View Full Version : Kranicki's "Answers To A Pool Players Prayers"
Any yea's or nay's? Thinking maybe I should get Richard Kranicki's book "Answers To A Pool Players Prayers" but it's kinda expensive. Do any of you have any expereince with this work?
Appreciate your feedback!
I downloaded the PDF version of the book, and it makes for an interesting read. Personally, I didn't find anything ground breaking in the material.
It details how to line up your shot using facial points of reference and how to differentiate between the actual contact point vs. the apparent contact point on the CB and OB. It also details the different effects of left/right-eye dominant views as well as the view of using both eyes equally. The method explained would help bring consistency to a beginning player, but anyone at a C level or above will probably find that they are already doing these things out of pure instinct.
It would be a fair addition to any beginning player's library, but if you are already playing at a C level or above, I would save my money.
I'm playing at a B level sometimes but other times I'm very inconsistent....missing balls that Grandma should make 95% of the time.
I believe, since I just got an eye exam and new glasses, and have worked very hard on my stroke and studied videos of my stroke, that the problem is in the way I'm lining up over the shot. I'm working on using Briesath's "chin lock" method of moving into the shot and am wondering if Kranicki has suggestions that might help.
Sometimes when I'm over a shot I literally can't tell where I'm aiming. Sometimes the ob gets blurry, like I'm crossing my eyes, and sometimes I get a little dizzy. I can't figure out what's happening!!! Driving me nuts to miss 45 degree cut shots with the ob 12" from the hole. I try the contact point method of aiming, the ghost ball, the angle, Hal's stuff and nothing is working.
I've tried a stance with my chin on the cue, raised slightly, raised way up. I"ve tried to aim with the cue under my chin, and I've tried twisting my neck and getting my strongly dominant right eye over the cue. I'll find something that works and the next minute I can't make a ball using that method and then switch to another. I really don't know where to turn next and sometimes I get frantic with frustration.
Thanks for your reading of his work. You provided a well thought out response...appreciate it.
<blockquote><font class="small">Quote: JimS:</font><hr> Sometimes when I'm over a shot I literally can't tell where I'm aiming. Sometimes the ob gets blurry, like I'm crossing my eyes, and sometimes I get a little dizzy. I can't figure out what's happening!!! Driving me nuts to miss 45 degree cut shots with the ob 12" from the hole. <hr></blockquote>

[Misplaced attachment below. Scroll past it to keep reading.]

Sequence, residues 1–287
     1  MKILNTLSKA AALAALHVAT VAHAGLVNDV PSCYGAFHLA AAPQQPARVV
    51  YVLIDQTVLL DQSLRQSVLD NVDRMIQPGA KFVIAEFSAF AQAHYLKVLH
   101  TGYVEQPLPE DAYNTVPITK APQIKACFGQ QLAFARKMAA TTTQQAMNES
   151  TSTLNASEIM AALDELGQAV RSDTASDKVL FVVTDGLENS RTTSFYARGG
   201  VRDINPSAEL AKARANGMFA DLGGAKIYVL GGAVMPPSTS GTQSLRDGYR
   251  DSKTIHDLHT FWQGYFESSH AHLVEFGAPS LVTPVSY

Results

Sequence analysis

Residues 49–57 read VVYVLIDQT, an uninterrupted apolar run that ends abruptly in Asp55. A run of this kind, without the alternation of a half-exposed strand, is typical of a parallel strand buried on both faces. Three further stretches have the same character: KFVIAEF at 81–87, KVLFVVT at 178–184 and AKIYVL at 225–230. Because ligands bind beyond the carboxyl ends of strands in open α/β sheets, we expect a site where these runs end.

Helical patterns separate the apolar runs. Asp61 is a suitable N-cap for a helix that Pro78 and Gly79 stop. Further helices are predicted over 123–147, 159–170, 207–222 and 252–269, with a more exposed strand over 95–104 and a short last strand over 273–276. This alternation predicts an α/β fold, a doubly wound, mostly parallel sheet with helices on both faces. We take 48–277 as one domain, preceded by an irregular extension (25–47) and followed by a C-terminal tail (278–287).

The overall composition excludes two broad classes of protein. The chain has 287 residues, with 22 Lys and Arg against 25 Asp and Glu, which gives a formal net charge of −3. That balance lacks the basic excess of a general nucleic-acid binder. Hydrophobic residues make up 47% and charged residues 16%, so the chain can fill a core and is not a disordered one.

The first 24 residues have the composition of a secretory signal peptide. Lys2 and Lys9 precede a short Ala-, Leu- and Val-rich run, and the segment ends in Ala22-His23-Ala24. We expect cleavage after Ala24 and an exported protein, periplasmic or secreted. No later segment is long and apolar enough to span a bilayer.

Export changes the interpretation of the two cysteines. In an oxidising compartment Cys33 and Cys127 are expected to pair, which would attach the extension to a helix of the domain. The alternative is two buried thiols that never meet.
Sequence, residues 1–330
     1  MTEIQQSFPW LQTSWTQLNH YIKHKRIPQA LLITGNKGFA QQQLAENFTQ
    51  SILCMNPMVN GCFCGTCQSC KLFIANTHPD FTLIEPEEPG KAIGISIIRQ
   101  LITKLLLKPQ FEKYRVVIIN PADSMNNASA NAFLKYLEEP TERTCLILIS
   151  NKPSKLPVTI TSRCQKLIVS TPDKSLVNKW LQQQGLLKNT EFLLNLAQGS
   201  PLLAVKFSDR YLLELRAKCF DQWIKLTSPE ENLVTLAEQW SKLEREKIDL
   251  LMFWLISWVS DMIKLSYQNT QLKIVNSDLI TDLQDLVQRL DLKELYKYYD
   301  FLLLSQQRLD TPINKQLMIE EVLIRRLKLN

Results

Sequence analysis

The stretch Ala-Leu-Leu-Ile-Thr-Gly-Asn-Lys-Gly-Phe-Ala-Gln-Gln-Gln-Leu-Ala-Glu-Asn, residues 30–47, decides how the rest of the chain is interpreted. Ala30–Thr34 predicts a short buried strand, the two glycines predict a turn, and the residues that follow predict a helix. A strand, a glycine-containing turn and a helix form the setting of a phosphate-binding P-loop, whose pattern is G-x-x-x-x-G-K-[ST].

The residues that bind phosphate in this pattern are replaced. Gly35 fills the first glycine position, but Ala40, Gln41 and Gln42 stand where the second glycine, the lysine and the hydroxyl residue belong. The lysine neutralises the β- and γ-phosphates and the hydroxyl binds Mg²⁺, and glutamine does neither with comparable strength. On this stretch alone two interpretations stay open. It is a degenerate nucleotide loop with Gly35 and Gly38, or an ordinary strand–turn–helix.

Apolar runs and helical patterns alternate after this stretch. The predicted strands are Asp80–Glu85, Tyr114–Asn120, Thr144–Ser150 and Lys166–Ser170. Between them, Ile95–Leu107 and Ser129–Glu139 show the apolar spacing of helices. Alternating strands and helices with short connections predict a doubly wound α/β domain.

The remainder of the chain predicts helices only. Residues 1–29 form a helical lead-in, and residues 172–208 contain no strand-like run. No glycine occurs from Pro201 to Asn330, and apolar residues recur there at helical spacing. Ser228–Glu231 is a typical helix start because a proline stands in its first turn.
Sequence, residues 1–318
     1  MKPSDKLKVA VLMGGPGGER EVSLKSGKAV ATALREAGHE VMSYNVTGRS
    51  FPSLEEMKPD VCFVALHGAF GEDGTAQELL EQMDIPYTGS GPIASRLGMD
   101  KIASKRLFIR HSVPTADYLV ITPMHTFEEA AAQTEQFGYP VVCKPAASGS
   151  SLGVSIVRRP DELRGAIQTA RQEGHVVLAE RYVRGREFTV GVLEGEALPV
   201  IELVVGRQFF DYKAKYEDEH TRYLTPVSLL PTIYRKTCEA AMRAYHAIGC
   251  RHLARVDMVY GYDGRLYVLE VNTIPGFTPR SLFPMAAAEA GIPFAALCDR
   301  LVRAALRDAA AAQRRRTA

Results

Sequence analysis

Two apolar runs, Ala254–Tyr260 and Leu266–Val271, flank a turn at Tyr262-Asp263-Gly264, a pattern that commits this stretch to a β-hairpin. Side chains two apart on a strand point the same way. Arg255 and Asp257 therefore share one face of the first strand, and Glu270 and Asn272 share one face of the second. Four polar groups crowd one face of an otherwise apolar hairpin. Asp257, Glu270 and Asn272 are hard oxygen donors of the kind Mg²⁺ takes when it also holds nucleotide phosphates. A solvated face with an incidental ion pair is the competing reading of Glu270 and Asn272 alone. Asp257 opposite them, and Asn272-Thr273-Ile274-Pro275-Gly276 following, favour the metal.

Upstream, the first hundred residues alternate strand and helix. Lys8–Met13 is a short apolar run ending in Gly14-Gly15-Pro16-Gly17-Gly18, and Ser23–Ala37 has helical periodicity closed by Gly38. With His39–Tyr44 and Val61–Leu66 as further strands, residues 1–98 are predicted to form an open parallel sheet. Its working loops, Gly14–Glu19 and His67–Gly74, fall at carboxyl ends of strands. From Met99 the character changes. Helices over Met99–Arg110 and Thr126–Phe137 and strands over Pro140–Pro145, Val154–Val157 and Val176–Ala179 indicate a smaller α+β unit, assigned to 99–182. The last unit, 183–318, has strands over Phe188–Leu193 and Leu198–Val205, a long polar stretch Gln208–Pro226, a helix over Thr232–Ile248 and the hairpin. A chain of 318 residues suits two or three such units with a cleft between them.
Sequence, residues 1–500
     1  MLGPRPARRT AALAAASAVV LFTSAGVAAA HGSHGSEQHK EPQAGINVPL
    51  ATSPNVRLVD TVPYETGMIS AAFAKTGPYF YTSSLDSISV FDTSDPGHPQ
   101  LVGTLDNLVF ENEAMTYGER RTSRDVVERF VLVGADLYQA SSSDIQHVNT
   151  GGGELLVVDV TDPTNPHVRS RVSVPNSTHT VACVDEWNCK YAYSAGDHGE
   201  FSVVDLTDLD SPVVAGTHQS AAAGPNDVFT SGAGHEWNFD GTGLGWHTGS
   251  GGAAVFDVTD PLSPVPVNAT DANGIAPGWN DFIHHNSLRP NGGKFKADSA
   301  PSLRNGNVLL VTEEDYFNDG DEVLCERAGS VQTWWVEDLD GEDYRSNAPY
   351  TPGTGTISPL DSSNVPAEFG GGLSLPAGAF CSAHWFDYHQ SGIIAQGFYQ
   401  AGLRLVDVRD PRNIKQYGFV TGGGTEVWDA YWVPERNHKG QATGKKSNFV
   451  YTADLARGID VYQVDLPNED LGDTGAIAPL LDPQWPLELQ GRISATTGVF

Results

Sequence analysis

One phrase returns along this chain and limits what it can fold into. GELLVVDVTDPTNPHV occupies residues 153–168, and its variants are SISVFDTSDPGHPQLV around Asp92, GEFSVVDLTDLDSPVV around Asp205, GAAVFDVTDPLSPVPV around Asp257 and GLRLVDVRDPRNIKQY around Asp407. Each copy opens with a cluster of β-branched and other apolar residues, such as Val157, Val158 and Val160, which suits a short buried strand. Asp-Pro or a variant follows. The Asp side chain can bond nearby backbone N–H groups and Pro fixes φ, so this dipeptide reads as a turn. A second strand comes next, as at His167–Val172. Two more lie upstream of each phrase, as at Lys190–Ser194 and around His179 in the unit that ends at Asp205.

try getting up off the c.b. and doing the mosconi stance on those cuts. something like 12"(maybe more) between the shaft and chin. i know it's stupid, out of date and that noone teaches that way.
just try it and let me know what happens.
dan...medium range cuts only.
Dan, that is a good idea for an experiment. I don't know that it is out of date though. People should stand at the height where they see the shots best. I've never checked my height over the cue but I play very upright, easily 16" from my chin. Of course if I have to reach for a shot that will narrow the distance. It makes my back sore to look at the players with their chin on the cue. Jim, it should be easier to look through your glasses more upright. yes-no?
<blockquote><font class="small">Quote: Rod:</font><hr> It makes my back sore to look at the players with their chin on the cue. Jim, it should be easier to look through your glasses more upright. yes-no? <hr></blockquote>
in my opinion, seeing the cut angle is much easier from above but seeing and executing the cue ball is easier from down on the cue. given the many kinds of glasses and frames, i'm not sure we can say which is best without trying them out.
i learned a long time ago that i almost never miss a behind the back cut. why? i'm looking right down on the balls and the cut angle is highlighted. but then i'm also not likely to be doing anything much with the c.b.
phil in sofla
05-09-2002, 06:19 PM
I disagree that the value of the book isn't there once you're past a C player stage.
I'd guess that some of the optical illusions Kranicki points out are EXACTLY the reasons that balls get missed when they are missed by intermediate to advanced players.
As to standing taller for given cut shots, in order to see the line better-- you need to know that elevating your sight line creates a false center of the ball illusion (creating the appearance that the ball is thinner than it is, with the apparent centerline higher or lower than the true equator). This can lead to cutting the ball offline, because you misjudge where the contact will be made, thinking the leading edge of the ball is higher/lower than it really is.
Quote Phil, As to standing taller for given cut shots, in order to see the line better-- you need to know that elevating your sight line creates a false center of the ball illusion (creating the appearance that the ball is thinner than it is, with the apparent centerline higher or lower than the true equator). This can lead to cutting the ball offline, because you misjudge where the contact will be made, thinking the leading edge of the ball is higher/lower than it really is. "